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Back in March of 2011 I wrote about the appearance of bobcats on Cape Cod, now we are actually seeing what some have predicted – the return of the black bear to Cape Cod. The black bear, according to Mass Wildlife, has not been seen on Cape Cod since the 1700s. I refer┬áback to some […]

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This species of coreopsis likes well-drained soil and full sun. It is the only coreopsis with pink flowers (most others are yellow). It is native to 8 states on the East Coast, including Massachusetts, and Nova Scotia. It is endangered or of special concern in most of these places. I have several cultivated coreopsis species, […]

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I’ve known about Echinacea, the herbal supplement, since childhood. In Europe it’s been an essential ingredient of several cold and flu medications. Most of the research on the uses and benefits of this plant was done in Europe, Germany in particular. Although there remains some scepticism about the validity of the studies, researchers contest that […]

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Lobelia cardinalis produces spikes of bright fire red flowers for about a month. I added these to the woodland garden to attract hummingbirds, and so far they have not disappointed. These little avian wonders have a smorgasbord to select from, with bee balm and a nectar feeder to boot, but they make the extra effort […]

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I know my woodland garden is entering a new phase when the beebalm starts blooming. Summer and humid days are here, the canopy above is much more stingy with letting light through (even the caterpillar damaged twigs are sprouting new leaves), and lush growth is all around. At the same time days are getting noticably […]

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Phytolacca americana is a tall fast-growing perennial, native to the eastern US. Currently pokeweed is starting to show greenish-white flowers, and in late summer and fall the plant will produce dark red berries that grow even darker over time. The juice of the berries was once used as an ink substitute, and to add color […]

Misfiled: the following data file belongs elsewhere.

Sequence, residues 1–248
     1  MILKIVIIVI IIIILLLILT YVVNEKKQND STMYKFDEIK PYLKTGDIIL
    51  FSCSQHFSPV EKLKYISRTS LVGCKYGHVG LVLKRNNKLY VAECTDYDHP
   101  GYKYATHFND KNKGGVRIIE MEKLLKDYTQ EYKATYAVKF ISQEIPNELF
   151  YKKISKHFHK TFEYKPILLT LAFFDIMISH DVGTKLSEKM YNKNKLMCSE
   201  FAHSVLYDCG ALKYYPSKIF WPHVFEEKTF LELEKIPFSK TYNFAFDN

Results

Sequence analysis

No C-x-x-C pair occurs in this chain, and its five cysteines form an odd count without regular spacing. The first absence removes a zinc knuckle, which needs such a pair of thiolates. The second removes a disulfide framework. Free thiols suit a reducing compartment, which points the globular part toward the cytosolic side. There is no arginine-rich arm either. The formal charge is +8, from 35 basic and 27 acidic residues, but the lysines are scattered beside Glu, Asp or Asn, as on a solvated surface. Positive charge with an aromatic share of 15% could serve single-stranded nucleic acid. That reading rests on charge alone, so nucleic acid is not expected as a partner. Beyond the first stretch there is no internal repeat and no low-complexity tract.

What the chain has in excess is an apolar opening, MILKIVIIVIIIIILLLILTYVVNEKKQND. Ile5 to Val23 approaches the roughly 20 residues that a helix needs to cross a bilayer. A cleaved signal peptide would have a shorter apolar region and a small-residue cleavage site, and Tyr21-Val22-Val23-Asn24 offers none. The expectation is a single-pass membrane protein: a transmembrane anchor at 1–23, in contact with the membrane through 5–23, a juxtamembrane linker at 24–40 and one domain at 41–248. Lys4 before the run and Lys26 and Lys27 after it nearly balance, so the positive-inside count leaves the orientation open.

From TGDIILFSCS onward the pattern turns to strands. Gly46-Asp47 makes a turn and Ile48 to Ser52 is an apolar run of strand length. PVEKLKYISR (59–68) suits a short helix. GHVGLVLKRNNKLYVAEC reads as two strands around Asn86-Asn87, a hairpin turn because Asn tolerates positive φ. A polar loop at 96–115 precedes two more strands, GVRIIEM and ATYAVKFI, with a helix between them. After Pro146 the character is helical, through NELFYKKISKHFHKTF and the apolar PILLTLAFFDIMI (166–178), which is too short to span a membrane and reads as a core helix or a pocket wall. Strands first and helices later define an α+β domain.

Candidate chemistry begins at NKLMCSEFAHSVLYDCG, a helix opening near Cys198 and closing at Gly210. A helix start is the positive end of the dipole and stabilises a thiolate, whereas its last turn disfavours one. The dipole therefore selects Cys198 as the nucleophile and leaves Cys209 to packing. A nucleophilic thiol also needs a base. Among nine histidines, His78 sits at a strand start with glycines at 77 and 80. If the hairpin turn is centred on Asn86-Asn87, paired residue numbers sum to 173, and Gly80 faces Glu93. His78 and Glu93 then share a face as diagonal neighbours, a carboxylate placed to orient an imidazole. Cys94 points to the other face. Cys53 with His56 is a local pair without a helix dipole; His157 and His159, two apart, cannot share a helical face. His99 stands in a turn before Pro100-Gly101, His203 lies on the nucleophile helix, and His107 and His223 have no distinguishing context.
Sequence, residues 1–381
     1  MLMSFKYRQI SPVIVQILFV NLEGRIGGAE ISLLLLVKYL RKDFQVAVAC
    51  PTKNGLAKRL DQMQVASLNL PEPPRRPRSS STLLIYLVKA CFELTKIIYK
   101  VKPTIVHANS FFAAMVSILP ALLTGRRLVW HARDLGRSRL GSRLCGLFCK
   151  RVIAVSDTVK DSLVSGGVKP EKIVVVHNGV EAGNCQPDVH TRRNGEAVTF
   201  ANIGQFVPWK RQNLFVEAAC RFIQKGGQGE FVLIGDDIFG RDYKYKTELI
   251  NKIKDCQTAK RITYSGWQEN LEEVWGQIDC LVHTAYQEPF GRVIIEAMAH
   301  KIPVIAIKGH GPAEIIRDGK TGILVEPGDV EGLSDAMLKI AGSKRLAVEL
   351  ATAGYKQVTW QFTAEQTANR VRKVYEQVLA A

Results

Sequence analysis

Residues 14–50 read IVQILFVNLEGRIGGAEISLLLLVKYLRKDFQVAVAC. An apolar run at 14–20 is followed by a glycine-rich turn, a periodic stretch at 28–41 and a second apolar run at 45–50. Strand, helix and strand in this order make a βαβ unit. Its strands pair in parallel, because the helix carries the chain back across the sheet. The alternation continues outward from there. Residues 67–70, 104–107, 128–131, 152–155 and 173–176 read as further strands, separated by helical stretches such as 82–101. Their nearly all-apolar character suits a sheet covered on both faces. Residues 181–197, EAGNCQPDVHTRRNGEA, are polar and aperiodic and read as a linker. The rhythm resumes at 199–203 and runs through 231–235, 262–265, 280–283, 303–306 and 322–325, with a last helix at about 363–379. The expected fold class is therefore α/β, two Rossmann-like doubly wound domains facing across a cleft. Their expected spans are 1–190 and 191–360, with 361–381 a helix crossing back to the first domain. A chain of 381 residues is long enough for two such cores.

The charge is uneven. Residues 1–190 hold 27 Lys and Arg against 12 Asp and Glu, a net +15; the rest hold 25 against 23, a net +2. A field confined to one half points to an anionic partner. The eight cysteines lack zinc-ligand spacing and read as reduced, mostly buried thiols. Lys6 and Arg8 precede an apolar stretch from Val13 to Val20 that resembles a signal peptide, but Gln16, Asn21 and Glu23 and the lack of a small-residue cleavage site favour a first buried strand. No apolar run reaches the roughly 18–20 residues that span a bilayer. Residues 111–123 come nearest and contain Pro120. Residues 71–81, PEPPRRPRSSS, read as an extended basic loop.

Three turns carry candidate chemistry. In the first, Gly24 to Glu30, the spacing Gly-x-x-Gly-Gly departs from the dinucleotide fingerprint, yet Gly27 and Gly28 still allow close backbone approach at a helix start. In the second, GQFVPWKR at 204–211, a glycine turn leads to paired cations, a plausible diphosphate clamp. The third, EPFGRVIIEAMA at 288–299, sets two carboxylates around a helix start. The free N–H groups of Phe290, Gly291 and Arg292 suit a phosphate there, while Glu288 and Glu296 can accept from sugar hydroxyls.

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This plant was a total surprise addition to my garden. I had some Chelone glabra delivered last fall for a late fall planting, and somehow or other this plant made it into the mix. Probably the result of a pre-dawn or pre-coffee loading of the delivery truck. The plant is almost 5 feet tall and […]

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This species of spiderwort is also fairly common in the eastern US, including Massachusetts. I can tell it apart from Tradescantia ohiensis because I acquired virginia spiderwort from a plant center with purple-pink, rather than blue flowers. T. ohiensis also has a blue tint on the stems. However, you can’t rely just on color – […]

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Also known as, and “potentially” re-classified as Sibbaldiopsis tridentata, this species of cinquefoil grows wild over most of the Northern Hemisphere, including the high arctic regions (i.e. Greenland). Talk about being resilient – the plant can withstand temperatures as low as -40 degrees Fahrenheit, while on the other side of the spectrum it tolerates drought […]

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Synonyms: Ohio spiderwort, Bluejacket, Snotweed This member of the Commelinaceae family is one of the first plants to push its leaves up to the sun in springtime. In early March there was 2 to 3 inches of growth already. However, it still had a long way to go – the spiderwort doesn’t bloom until late […]

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